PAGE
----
This work was supported by the following grants: Special subject of “Fighting Against Epidemic Situation of COVID-19” (Grant No. 20TJBXKY16), Tongji University College of Arts and Communication, Shanghai East Hospital Institute of Disaster Medicine. Shanghai “Medical New Star” Young Medical Talent Training Program Tongji University Affiliated East Hospital “Sunrise” Talent Training Program. Key Discipline Construction Project of Pudong Health Bureau of Shanghai (PWZxk2017-23), Top-level Clinical Discipline Project of Shanghai Pudong (PWYgf2018-05),The Outstanding Leaders Training Program of Pudong Health Bureau of Shanghai (PWR12018-07), Important Weak Subject Construction Project of Pudong Health and Family Planning Commission of Shanghai (PWZbr2017-13).
- Zhu N, Zhang D, Wang W, et al. A novel coronavirus from patients with pneumonia in China, 2019. N Engl J Med. 2020;382(8):727-733. https://doi.org/10.1056/NEJMoa2001017
- Chen S, Yang J, Yang W, et al. COVID-19 control in China during mass population movements at New Year. Lancet. 2020;395(10226):764-766. https://doi.org/10.1016/S0140-6736(20)30421-9
- Tian H, Liu Y, Li Y, et al. An investigation of transmission control measures during the first 50 days of the COVID-19 epidemic in China. Science. 2020;368(6491):638-642. https://doi.org/10.1126/science.abb6105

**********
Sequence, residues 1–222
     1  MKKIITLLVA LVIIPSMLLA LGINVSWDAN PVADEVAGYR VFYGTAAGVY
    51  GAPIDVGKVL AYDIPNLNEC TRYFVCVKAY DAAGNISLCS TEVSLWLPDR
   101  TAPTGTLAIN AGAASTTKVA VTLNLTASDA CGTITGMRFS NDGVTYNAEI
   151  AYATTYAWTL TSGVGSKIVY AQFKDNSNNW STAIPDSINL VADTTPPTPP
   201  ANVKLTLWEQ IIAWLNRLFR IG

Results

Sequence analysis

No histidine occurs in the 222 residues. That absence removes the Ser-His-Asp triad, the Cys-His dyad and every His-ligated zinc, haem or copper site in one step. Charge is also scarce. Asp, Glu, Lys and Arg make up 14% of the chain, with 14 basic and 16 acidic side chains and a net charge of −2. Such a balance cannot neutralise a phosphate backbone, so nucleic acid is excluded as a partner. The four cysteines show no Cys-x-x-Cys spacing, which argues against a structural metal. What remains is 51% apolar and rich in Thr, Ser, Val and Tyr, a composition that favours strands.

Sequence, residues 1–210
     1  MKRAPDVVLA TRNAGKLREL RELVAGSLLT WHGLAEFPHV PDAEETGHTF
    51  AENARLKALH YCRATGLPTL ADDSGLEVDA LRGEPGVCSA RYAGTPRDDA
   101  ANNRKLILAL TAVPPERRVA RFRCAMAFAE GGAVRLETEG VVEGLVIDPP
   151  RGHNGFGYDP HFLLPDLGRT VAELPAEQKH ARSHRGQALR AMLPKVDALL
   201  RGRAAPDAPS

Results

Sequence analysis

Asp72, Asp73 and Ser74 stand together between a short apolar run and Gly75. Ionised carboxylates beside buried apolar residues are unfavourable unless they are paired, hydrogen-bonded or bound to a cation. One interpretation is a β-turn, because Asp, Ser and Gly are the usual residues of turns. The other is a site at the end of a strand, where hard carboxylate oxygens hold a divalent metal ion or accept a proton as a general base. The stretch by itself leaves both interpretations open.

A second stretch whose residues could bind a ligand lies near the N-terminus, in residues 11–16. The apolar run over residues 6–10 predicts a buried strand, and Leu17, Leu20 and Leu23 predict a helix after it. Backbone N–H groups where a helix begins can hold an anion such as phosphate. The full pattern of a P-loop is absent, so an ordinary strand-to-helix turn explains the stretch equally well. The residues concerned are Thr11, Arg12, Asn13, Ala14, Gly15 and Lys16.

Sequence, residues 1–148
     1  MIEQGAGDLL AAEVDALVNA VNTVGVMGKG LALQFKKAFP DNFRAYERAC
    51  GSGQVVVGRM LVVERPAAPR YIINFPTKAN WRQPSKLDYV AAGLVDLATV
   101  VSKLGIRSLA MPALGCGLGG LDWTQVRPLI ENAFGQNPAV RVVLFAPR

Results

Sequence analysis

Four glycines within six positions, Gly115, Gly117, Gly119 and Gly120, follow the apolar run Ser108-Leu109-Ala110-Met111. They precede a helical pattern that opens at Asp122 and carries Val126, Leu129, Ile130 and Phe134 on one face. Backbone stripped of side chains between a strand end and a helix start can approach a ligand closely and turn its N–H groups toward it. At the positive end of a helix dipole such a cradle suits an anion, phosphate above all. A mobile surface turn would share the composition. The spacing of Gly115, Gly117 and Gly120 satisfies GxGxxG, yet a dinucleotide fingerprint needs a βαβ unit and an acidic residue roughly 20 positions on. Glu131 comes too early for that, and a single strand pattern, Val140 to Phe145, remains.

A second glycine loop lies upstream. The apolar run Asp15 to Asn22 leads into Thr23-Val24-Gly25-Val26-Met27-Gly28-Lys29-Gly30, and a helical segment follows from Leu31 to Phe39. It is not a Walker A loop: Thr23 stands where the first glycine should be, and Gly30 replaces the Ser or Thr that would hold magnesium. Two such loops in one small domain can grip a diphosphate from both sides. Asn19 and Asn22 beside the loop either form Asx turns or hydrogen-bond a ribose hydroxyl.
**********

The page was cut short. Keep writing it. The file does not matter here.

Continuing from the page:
- Shanghai Municipal Health Commission. On Chinese New Year's Eve, 136 medical team members from Shanghai rushed to Wuhan! Looking forward to the safe return of the heroes. Published in Chinese. Published January 25, 2020. Accessed January 25, 2020. http://wsjkw.sh.gov.cn/xwfb/20200125/a6627953e79f42f59a1181a937b2e1d5.html
- Ağalar C, Engin DÖ. Protective measures for COVID-19 for healthcare providers and laboratory personnel. Turk J Med Sci. 2020;50(Suppl 1):578-584. https://doi.org/10.3906/sag-2004-132
- Zhou R, Xu L, Li X, et al. Experiences of Shanghai medical workers who assisted Wuhan in fighting against the COVID-19 epidemic. J Infect Dis Trav Med. 2020;4(1). https://doi.org/10.23880/jidtm-16000S1-006
- Shanghai Municipal Health Commission. Reply to the proposal no.0838 of the second session of the 15th Municipal People's Congress. Published in Chinese. Published November 27, 2019. Accessed November 27, 2019. http://wsjkw.sh.gov.cn/rddbjydf/20191128/0012-66411.html
- Pozo-Martin F, Nove A, Lopes SC, et al. Health workforce metrics pre- and post-2015: a stimulus to public policy and planning. Hum Resour Health. 2017;15(1):14. https://doi.org/10.1186/s12960-017-0190-7
Weiying Zhang, Nursing Management Expert
Director of Nursing Department, MD, RN, Nursing